This article is part of our new series "Material in Focus", where we ask architects to share with us their creative process through the choice of materials that define important parts of the construction of their buildings.
This station and command post located in the Serra do Alvão, Portugal functions as a technical building supporting the wind farm. Surrounded by a unique landscape with beautiful views of the valley, the place is known for being isolated and home to a rather hostile climate, exposed to strong winds and extreme temperatures. We talked with architects Ricardo and Sofia Senos of the M2.SENOS studio to learn more about their material choices and the challenges of the project.
What were the main materials you used for this project?
M2.SENOS: For the exterior, we used 20x10 granite stones, pine wood, and painted iron plates. The exterior gate was painted iron rod. The covering was made of charcoal colored sandwich panels and thermal bricks.
What were your main sources of inspiration and influence when you were choosing the materials used in the project?
M2.SENOS: The geological environment of the place was a great source of inspiration for this project: granite soil, made up of large rock formations, highlighting the texture marked by time. The shepherds in the area have already been influenced by this presence, building their small granite shelters to be impenetrable and monolithic.
Describe how decisions on materials influenced the design of the project.
M2.SENOS: The project had two particularities: it’s very technical and involves high levels of safety, but is almost completely self-managed (abandoned), in a majestic but inhospitable place, subject to very adverse climatic conditions.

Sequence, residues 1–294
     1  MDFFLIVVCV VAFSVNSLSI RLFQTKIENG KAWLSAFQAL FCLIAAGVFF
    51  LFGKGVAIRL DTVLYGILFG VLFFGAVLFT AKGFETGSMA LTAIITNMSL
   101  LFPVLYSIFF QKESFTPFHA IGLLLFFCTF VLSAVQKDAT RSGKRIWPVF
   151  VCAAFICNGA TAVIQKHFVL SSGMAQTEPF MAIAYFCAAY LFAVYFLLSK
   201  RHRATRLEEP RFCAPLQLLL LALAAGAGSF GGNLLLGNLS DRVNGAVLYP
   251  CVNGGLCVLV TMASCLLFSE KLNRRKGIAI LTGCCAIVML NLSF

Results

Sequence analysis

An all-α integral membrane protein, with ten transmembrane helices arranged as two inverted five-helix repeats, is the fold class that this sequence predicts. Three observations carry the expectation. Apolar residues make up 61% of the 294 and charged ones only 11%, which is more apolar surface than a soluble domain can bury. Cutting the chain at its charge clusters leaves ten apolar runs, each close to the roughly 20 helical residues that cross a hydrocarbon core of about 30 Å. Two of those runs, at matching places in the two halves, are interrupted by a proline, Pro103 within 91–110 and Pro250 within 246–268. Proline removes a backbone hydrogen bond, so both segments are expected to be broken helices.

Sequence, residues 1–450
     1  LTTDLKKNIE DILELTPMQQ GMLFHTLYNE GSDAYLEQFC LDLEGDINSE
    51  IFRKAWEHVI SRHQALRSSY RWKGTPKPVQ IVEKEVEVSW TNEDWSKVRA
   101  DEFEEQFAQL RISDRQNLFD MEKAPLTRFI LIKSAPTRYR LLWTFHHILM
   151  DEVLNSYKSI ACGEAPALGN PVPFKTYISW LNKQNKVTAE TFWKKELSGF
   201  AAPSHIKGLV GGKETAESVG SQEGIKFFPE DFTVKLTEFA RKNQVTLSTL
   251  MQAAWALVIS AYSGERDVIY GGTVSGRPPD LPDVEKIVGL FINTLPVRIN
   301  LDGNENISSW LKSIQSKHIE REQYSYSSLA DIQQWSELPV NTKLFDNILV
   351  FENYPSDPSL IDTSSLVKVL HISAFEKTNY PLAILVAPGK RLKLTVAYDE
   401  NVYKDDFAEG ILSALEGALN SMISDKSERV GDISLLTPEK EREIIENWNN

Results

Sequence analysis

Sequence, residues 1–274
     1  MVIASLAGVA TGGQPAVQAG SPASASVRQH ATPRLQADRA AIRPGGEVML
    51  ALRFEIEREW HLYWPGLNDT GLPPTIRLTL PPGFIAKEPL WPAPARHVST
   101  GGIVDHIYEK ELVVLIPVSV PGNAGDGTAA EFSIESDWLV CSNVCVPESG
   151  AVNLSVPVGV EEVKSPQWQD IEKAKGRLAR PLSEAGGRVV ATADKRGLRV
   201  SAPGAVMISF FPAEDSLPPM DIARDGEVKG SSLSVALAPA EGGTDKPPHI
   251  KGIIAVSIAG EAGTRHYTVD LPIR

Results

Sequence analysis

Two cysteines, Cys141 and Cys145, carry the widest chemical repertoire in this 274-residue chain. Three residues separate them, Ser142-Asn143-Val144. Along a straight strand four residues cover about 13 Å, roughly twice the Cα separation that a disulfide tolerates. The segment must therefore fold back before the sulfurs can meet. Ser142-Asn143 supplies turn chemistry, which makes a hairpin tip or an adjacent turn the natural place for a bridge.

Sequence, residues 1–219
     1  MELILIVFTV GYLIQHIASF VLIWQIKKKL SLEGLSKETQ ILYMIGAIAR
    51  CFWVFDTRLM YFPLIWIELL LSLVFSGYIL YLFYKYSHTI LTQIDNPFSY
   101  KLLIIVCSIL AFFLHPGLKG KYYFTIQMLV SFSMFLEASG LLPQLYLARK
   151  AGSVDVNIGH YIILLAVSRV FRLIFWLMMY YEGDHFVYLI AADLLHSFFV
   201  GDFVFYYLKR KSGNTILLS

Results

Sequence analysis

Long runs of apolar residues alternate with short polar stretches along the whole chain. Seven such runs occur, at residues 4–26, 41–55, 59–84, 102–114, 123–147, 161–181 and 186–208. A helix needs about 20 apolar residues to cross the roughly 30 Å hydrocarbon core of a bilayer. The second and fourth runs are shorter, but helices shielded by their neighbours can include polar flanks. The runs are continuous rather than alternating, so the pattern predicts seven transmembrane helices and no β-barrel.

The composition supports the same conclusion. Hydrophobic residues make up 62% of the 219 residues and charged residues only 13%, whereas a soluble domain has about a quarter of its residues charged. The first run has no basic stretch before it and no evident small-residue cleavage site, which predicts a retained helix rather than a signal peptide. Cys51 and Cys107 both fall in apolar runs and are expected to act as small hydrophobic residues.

What were the advantages that this material offered for the construction of the project?
M2.SENOS: A strong, timeless solution capable of resisting vandalism, ensuring the protection of the electrical equipment contained inside, with an ability to age, that helps to integrate the building with the surrounding space.
Did the choice of materials impose any kind of challenges to the project?
M2.SENOS: In designing the project, the choice of materials was already very clear or even essential. So formation process was almost natural. However, there were some budgetary constraints. By choosing higher cost materials, we had to find solutions that would mitigate these costs. So we found a way to use smaller cuts of granite which ended up being cheaper and less complicated. Also, the gate is made up of iron rods. We believe that constraints encourage creativity and we enjoy finding these types of solutions.
Did you ever consider the possibility of other materials for the project? If so, how would that have changed the project?
M2.SENOS: To this day we are not totally sure about the exterior. However, it seemed to us as well as to the promoters, the best option in terms of heating, without raising costs and being able to spend more on the other elements. We thought about possibly doing the roof in stone, but technically it was much more demanding, including structurally.
How did you research suppliers and builders suitable for materials used in the project?
M2.SENOS: In this case, most of the materials used were either very technical (interior) or local. So it was a relatively simple process to use small industries from the region.
Check out the full project below: